A Picture-Perfect Commencement Weekend
by Howard W. Hewitt
May 13, 2007
Standing on the College Mall on a perfect, sunny afternoon, two Wabash seniors urged classmates to live humanely and carry with them the important lessons learned during four years at Wabash College at the 169th Commencement Ceremony.
President Patrick White continued his predecessors’ long-standing tradition of using Caleb Mills’ school bell to ‘ring out’ the 160 members of the Class of 2007. (See photos and download high-resolution images from graduation ceremony here and here and here. And, more candid shots from before and after the official proceedings can be found here.)
Greg Strodtman., a history major from Indianapolis, talked of the many challenges facing the world and a Wabash man’s responsibility to act. "We may only be 160 men, but we are 160 men that will hold positions of power and authority sooner than any of us can imagine," he said. "We can, each and every one of us, make a difference, if only we choose to do so.
"The world needs leaders. They are needed in schools and in churches, town halls and state governments. They are need in non-profit organizations, business, and to protect the weakest in our society.
"Wabash, can we choose the path to become those leaders?"
Millikan, a religion major from Newburgh, Indiana, suggested such challenges can be met if the men of 2007 remember Wabash’s most important lesson – "how to fail."
He said each Wabash man has failed and had to fail in order to reach Sunday’s ceremony. "But the lesson that is so valuable does not come in the failure, but in how you respond to it," Millikan suggested.
The football lineman and pre-med student told of his personal failure with organic chemistry. "But I didn’t give up. I went to the professor, who was more than happy to work with me, and with his help, I managed to pull a decent grade.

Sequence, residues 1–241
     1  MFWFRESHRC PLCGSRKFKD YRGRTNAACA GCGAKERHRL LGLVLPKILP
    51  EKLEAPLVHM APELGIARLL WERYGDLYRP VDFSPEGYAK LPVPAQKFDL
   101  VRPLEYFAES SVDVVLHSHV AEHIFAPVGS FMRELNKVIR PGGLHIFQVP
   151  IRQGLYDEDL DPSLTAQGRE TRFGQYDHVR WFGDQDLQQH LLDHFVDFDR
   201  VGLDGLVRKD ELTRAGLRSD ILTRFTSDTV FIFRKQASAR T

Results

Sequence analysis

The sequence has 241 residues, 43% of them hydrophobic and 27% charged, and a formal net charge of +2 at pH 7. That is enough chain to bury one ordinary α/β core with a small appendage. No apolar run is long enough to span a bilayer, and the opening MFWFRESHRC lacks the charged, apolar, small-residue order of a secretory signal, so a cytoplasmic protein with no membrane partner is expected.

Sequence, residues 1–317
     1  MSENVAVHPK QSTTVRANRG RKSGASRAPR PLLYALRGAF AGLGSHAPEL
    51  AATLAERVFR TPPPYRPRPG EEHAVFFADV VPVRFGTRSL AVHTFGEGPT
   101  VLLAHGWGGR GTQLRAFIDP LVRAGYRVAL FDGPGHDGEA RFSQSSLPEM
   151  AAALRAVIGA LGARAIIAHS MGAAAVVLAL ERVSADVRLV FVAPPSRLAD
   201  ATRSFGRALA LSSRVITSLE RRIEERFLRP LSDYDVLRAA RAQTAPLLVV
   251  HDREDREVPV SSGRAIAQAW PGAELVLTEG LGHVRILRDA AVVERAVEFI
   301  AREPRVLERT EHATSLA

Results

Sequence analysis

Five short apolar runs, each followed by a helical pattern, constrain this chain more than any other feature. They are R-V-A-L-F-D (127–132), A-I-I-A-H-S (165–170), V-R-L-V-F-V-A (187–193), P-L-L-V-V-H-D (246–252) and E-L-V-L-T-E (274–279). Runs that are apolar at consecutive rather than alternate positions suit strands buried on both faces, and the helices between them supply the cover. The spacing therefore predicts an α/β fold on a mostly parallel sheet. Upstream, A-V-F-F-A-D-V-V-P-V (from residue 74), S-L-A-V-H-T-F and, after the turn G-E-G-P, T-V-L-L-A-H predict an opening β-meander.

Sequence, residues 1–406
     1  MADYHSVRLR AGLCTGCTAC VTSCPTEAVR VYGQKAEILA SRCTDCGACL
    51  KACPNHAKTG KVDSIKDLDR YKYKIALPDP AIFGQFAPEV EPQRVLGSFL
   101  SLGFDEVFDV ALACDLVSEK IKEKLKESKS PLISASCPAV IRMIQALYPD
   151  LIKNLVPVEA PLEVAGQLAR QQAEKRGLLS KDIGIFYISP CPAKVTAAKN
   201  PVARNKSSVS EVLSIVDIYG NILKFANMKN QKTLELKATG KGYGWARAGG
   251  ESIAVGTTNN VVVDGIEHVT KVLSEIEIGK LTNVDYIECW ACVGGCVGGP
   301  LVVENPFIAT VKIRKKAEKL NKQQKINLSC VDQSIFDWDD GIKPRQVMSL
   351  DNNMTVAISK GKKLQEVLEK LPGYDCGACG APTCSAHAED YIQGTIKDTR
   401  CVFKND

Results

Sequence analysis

"I had failed, but through dedication and help from professors who just love to teach, I overcame my failure."
Seeing failure and tackling it and choosing a life path was the challenge the two seniors set forth for the graduates. "We all stand on the top of the mountain and see many paths in front of us, each leading in a different direction," Strodtman said. "Some of these paths lead to even higher paths to climb. This, then, is our challenge: we must, each and every one of us, select our higher paths.
"These choices will determine what our lives ultimately meant to those closest to us, but furthermore, to the world from which we cannot seclude ourselves. If we fail to think, act, lead and live as gentlemen, then what has this all been for?"
The courage to act is part of the lesson learned at Wabash College, Millikan said. "Wabash teaches wisdom," Millikan said. "Most who consider wisdom think of it as only arising from experience and that by definition it can not be taught or passed down from teacher to student. This is almost always the case, but I feel Wabash is an exception to the rule.
"Quite simply put, the foundation of wisdom is knowing what it is that you don’t know; being conscious of your own lack of knowledge. This is humbling, but as with failure, it has many benefits. This lessons helps Wabash men to avoid the typical arrogance that may arise from graduating, or the sense we have it all figured out.
"Wabash has taught us that in attempting to figure out lie’s mysteries, we will only expose more to be explored and discovered."
The president presented each graduate his diploma, including 28 Cum Laude, 26 Magna Cum Laude, and 12 Summa Cum Laude. Under beautiful clear skies, White charged the young men to take Wabash with them into life. "Wabash does not end at the edge of this campus," he said. "And neither does the Gentleman's Rule."
A distinguished Wabash graduate and long-time professor received honorary degrees. Russell L. Nichols ’63, retiring president of Hanover College, will retire next month. During his career he taught at Wabash, Eastern Illinois University, Hillsdale College, and Hanover.
Raymond Williams served as religion department chair at Wabash as was the founding director of the Wabash Center for Teaching and learning in Theology and Religion. He most recently came out of retirement to serve as Dean of the College during the 2005-06 school years.